Annual Holiday Festival begins at Performing Arts Center
With miniature lights, holly wreaths with fat red bows and evergreen trees shout, “Happy Holidays!” now it’s time to get serious about gift shopping.
The annual Holiday Festival, sponsored by the City of Selma and The Old Depot Museum, opens for its 30th year at 10 a.m. Monday at the Larry Striplin Performing Arts Center. It will remain open daily until 5 p.m. through December 13.
Elise Blackwell, former tourism director of the Chamber of Commerce, organized the festival and worked with a nucleus of members of Cahawba Concern, the Cahawba Festival and the Chamber to promote area tourism assets at Christmas.
These included a Christmas tree forest on the library lawn, at schools and downtown; a presentation of “The Nutcracker” at Pickard Auditorium, an evening downtown businesses open house and a tour of decorated homes. Holiday Festival was first located at Morgan House and later moved to the Performing Arts Center when it was completed.
“In addition to offering local and area residents a unique holiday shopping area, Holiday House also offers professional artists and crafts people the opportunity to lower inventories and make Christmas money,” Blackwell said.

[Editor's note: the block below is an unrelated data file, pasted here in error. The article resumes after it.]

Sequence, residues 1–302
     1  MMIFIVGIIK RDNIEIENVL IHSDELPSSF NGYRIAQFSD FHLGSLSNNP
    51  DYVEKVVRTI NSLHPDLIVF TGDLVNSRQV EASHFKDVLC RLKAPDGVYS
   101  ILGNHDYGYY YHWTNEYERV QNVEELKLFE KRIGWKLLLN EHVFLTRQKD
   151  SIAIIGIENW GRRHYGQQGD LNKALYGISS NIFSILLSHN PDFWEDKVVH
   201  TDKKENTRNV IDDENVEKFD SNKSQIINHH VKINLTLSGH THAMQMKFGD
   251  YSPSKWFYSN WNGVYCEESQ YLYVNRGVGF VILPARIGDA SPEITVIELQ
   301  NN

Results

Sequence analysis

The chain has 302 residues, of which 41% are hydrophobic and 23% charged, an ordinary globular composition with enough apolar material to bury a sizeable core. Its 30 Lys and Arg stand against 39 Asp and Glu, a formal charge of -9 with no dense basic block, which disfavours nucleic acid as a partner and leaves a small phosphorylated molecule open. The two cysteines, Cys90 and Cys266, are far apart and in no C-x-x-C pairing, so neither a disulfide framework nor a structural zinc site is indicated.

Kelly Pomeroy this year is offering her monogrammed Christmas ornaments, Auburn and Alabama logos and canvases hand-painted with crosses and scriptures. She began making these as a hobby 15 years ago, “just doodling,” she says, “and I love doing it. I especially enjoy Holiday Festival, browsing, shopping and buying the baked goods.”
She has taught in city, county and private schools for 18 years, presently the fourth grade at Morgan Academy and enjoys sharing her talent in the classroom where she uses it in her teaching.
“I encourage my students to use their creativity in stead of patterns,” she said.
Booth space is filled for the Monday opening at Holiday House, Blackwell said. Some of the items shoppers will find are: Killian Albritton’s monogrammed bottle holders and keychains; Sheila Averett (Faunsdale) offers her colorful hand-painted saws and tree balls; Joy Beers returns with special jewelry items; Edie Birch brings hand-painted holiday china; Donna Dirks of Newbern offers hand-turned pottery and spackle wear; Libba Guyton’s hand-designed and strung chunky bead jewelry; Sue Kozel’s fused glass jewelry; and Mary Lee Crews jars of jams, jellies and garden vegetables again will prove hard to resist.
Ann Capps makes handmade and embroidered dresses for young girls and boys. Her daughter, Candi Duncan, again will have her hand-painted ceramics and wooden ornaments there.
Each day different groups and individuals will offer baked goods and holiday food specialties to save hours in the kitchen.